Giving a fresh meaning to the notion of a poetry slam, the august poetry journal PN Review has published a stinging critique of the “rise of a cohort of young female poets” led by the likes of Kate Tempest, Hollie McNish and Rupi Kaur, describing their work as characterised by “the open denigration of intellectual engagement and rejection of craft”.
Poet Rebecca Watts took to the pages of PN Review to lay out her disdain for “the cult of the noble amateur”, and her despair at the effect of social media on poetry. Highlighting the work of poets such as Kaur (whose debut collection Milk and Honey has sold more than 1m copies worldwide), Tempest and, in particular, McNish, Watts attacks the “cohort of young female poets who are currently being lauded by the poetic establishment for their ‘honesty’ and ‘accessibility’”.
Poets and readers have been divided on the rise of performance poets in print. Younger poets using social media to gain an audience – Tempest and McNish on YouTube, and Kaur on Instagram, where she has more than two million followers – have been dismissed as populist, while their often extremely autobiographical poetry has been variously praised as brave, or criticised as simple and solipsistic.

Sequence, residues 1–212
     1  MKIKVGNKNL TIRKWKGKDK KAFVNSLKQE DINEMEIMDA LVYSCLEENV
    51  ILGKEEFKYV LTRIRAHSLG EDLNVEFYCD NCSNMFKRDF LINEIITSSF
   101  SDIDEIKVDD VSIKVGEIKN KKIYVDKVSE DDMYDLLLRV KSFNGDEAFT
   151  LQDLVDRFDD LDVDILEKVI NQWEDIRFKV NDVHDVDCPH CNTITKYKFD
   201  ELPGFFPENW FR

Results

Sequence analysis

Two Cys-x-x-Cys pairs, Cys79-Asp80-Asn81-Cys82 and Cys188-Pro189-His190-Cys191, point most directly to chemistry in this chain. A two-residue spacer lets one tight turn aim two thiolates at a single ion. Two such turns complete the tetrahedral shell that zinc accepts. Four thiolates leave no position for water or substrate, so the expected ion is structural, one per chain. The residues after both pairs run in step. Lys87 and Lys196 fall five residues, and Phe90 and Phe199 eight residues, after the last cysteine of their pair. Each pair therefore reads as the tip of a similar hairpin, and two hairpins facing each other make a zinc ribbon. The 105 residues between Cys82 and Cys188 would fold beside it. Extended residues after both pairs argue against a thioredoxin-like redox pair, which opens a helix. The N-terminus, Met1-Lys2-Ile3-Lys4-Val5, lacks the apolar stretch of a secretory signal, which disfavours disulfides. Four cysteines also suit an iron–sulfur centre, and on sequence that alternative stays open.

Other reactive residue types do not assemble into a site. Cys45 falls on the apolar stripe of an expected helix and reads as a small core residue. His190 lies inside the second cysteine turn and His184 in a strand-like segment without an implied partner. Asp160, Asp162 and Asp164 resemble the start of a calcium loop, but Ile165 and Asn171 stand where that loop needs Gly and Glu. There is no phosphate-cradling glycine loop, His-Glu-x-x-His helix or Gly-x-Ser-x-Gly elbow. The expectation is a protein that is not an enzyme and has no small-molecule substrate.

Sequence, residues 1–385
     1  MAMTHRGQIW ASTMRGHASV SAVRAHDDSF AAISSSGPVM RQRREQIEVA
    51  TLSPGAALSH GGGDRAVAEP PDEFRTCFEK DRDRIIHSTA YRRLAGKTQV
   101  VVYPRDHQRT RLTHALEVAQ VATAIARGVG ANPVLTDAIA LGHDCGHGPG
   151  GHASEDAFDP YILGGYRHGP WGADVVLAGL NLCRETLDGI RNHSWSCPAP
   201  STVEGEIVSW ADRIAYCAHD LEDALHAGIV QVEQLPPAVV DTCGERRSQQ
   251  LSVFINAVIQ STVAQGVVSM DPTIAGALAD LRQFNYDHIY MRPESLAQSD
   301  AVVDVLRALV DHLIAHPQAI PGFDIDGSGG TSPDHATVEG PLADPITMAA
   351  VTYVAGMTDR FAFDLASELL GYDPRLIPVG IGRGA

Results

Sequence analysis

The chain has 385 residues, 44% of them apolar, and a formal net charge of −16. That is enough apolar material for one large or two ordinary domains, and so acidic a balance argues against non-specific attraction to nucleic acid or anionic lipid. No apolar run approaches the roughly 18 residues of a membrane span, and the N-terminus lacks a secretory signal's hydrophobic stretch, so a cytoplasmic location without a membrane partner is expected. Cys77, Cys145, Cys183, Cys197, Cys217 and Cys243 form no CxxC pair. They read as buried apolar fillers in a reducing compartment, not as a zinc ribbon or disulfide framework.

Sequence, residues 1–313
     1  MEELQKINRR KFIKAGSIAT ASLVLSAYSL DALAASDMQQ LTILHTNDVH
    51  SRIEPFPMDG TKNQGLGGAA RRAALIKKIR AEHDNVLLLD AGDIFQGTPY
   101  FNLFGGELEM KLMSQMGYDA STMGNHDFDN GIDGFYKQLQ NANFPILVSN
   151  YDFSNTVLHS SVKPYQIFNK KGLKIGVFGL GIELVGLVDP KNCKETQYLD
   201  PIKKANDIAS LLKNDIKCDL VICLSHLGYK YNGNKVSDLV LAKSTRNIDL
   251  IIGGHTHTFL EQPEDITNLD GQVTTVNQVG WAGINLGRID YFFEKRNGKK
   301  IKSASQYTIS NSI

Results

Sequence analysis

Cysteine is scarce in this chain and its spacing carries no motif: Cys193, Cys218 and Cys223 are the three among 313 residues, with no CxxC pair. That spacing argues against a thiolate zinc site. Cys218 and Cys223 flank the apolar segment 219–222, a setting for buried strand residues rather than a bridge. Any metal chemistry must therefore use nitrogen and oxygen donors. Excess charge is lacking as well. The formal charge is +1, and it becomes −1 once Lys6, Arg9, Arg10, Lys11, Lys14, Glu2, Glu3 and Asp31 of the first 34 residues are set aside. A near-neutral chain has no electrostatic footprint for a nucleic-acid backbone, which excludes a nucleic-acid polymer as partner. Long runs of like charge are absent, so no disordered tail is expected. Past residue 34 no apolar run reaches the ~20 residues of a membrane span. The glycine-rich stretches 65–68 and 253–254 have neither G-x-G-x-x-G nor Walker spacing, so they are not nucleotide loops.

According to Nielsen data, these three poets have sold more than 275,000 books in the UK, with Kaur alone responsible for half of that figure. Both McNish and Tempest have won the Ted Hughes award for new work in poetry.
Citing lines such as Kaur’s “you should see me / when my heart is broken / i don’t grieve / i shatter”, Watts writes that “of all the literary forms, we might have predicted that poetry had the best chance of escaping social media’s dumbing effect; its project, after all, has typically been to rid language of cliche”.
However, she finds, “in the redefinition of poetry as ‘short-form communication’ the floodgates have been opened. The reader is dead: long live consumer-driven content and the ‘instant gratification’ this affords.”